Reading of HistoryMakers play to share archive narratives

Reading of HistoryMakers play to share archive narratives

URBANA – Billing itself as the largest archival collection of its kind in the world, The HistoryMakers collects stories from African-Americans, both famous and unsung.

The Chicago-based project also enjoys a three-year partnership with the University of Illinois, providing it public lectures – last year's in Urbana was with civil rights pioneer Julian Bond – and giving students and scholars access to its digital archives.

Now UI Professor Christopher Benson and Chicago playwright David Barr III have put a twist on the public-lecture component of the partnership.

The two men have combed The HistoryMakers archives to find stories that represent the African-American experience, looking for commonalities and connections that many people will recognize in their own lives.

They then adapted those narratives into a dramatic play, "The Moment." A staged reading, the first for the script, will be presented Wednesday evening at Krannert Center for the Performing Arts. Admission is free, but tickets are required.

Benson, a professor of journalism and African-American studies, said "The Moment" so far amounts to one act but eventually could become a major play.

At the reading by seven UI theater students, Benson and Barr will take notes to help fine-tune the piece for eventual production.

"This will be a unique opportunity for the audience to be part of the process," Benson said.

Immediately after the reading, Benson, Barr, director Lisa Gaye Dixon and Julieanna Richardson, founder and executive director of The HistoryMakers, will engage in a "talkback" with the audience.

"The questions from the audience will help us see more clearly how this piece will be perceived," Benson said.

"The Moment" also pays tribute to the 10th anniversary of The HistoryMakers, which aims to complete 5,000 interviews of African-Americans. So far the project has collected 8,000 hours of videotaped interviews from 2,000 people ranging in age from 29 to 105 in more than 80 cities and towns in the United States, the Caribbean, Mexico and Norway.

In addition to recording individual stories, The HistoryMakers collects the stories of organizations, events, movements and time periods of significance.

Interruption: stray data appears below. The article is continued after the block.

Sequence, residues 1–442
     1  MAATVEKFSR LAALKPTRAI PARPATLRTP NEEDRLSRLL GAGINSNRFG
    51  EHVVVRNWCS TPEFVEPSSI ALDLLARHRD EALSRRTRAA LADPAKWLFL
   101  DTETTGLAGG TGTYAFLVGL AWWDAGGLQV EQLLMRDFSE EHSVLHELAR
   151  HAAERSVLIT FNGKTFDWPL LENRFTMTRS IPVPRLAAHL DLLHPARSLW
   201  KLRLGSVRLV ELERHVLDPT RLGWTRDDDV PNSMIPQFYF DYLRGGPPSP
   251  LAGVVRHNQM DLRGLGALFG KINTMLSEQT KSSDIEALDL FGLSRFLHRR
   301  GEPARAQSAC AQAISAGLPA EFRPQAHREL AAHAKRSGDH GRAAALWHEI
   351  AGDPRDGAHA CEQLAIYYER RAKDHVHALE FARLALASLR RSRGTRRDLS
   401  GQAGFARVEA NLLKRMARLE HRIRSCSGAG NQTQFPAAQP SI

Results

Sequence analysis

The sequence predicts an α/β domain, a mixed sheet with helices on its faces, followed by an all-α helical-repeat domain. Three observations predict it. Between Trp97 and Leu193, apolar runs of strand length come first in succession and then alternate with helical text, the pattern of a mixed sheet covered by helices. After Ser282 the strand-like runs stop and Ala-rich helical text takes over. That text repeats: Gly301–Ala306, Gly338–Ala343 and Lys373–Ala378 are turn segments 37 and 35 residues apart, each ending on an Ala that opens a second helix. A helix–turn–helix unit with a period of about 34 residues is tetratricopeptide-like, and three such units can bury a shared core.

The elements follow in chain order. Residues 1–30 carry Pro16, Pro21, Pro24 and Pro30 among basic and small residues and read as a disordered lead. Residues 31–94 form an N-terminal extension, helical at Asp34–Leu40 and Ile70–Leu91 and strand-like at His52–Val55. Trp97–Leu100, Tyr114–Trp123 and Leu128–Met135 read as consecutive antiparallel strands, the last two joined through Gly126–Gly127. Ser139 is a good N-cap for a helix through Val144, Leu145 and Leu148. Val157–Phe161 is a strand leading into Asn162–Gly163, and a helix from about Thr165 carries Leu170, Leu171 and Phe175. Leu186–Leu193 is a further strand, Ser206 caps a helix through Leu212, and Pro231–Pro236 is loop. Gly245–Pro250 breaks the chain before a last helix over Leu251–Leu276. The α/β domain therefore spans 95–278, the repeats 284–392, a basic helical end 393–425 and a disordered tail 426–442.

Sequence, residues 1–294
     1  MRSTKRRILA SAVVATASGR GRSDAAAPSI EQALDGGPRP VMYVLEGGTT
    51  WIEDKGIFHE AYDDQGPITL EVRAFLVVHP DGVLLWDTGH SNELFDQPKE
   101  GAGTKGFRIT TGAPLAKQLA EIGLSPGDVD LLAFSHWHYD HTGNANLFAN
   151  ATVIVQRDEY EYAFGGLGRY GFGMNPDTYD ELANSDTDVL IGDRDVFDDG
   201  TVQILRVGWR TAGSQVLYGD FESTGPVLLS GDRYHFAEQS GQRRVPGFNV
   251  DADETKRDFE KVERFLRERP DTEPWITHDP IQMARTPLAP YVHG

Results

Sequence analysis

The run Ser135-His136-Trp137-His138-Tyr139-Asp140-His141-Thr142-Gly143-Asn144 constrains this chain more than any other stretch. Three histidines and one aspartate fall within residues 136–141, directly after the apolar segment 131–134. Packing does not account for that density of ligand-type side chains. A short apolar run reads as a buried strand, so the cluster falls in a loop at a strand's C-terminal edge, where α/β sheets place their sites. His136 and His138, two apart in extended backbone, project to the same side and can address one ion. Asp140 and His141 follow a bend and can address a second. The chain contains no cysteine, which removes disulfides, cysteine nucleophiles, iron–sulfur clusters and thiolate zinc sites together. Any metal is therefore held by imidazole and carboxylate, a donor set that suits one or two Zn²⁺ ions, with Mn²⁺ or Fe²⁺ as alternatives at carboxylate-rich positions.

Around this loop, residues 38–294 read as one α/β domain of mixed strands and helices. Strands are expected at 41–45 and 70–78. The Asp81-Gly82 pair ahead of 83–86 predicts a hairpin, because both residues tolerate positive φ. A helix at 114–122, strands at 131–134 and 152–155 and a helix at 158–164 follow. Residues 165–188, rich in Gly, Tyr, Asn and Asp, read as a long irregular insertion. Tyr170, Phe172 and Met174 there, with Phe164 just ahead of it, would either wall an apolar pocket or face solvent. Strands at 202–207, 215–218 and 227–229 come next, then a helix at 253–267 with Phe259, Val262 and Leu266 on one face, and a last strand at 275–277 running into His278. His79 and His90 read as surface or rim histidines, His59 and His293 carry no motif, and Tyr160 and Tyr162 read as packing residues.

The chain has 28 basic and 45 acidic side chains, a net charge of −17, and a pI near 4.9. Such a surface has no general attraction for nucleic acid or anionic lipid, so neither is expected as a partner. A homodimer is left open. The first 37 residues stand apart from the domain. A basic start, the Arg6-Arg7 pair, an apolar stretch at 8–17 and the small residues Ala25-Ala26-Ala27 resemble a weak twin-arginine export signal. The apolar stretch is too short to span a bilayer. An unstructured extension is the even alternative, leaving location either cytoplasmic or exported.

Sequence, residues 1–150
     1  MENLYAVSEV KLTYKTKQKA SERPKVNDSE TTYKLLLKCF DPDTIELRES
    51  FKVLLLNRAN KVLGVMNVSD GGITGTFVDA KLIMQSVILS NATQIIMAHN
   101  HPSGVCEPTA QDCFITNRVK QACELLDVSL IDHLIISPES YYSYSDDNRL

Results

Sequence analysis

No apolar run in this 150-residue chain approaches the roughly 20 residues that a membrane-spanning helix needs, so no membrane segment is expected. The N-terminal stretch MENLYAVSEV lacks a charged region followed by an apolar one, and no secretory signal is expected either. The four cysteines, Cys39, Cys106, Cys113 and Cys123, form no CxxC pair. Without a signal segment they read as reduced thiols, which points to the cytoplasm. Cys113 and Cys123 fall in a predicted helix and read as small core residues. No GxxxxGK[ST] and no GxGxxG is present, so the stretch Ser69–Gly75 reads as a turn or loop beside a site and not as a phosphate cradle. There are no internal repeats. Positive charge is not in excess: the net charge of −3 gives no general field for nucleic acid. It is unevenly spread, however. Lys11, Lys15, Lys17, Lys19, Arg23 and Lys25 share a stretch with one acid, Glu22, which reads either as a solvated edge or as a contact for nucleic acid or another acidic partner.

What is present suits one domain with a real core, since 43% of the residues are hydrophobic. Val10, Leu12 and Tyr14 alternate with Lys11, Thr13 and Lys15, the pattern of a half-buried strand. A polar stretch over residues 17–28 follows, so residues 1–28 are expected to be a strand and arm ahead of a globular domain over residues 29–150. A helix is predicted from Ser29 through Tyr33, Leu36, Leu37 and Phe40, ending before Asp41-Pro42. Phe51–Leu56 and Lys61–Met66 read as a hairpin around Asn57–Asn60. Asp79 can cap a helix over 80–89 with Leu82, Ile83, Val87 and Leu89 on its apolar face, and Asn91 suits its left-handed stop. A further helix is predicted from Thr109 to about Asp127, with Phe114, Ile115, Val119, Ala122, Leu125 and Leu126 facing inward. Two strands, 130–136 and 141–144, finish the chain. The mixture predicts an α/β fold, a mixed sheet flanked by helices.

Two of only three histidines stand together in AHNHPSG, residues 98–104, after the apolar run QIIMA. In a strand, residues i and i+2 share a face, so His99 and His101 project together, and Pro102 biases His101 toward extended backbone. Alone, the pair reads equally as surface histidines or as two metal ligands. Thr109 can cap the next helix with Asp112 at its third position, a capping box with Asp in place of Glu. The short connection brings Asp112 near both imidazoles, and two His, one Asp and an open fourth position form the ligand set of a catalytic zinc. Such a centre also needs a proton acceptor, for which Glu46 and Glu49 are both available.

All interviews are digitally indexed so researchers can search them using key phrases to pinpoint similar themes or search for different people or aspects of their stories.

"The point of the archives is to collect all of these historical narratives in order to preserve the African-American experience in its totality," Benson said. "It's very much part of the total American experience; you see that as you go through the archives and listen to the stories."

As part of its partnership with the UI, The HistoryMakers provides access to its archives via a bank of computers at the UI's Department of African-American Studies.

Some professors give students assignments designed to encourage them to use the archives so they learn the value of oral history, learn history and develop proficiency with online research, Benson said.

The HistoryMakers also offers summer internships to UI graduate and undergraduate students in its Chicago office.

If you go
Chicago-based The HistoryMakers and the University of Illinois Department of African-American Studies present a staged reading of "The Moment," a dramatic adaptation of narratives in The HistoryMakers archives, written by UI Professor Christopher Benson and playwright David Barr III.
7:30 p.m. Wednesday.
Colwell Playhouse, Krannert Center for the Performing Arts, 500 S. Goodwin Ave., U.
Free, but tickets required from Krannert Center ticket office.
Of note:
A "talkback" with the audience will follow the reading, and a reception will take place in the Krannert lobby after the performance.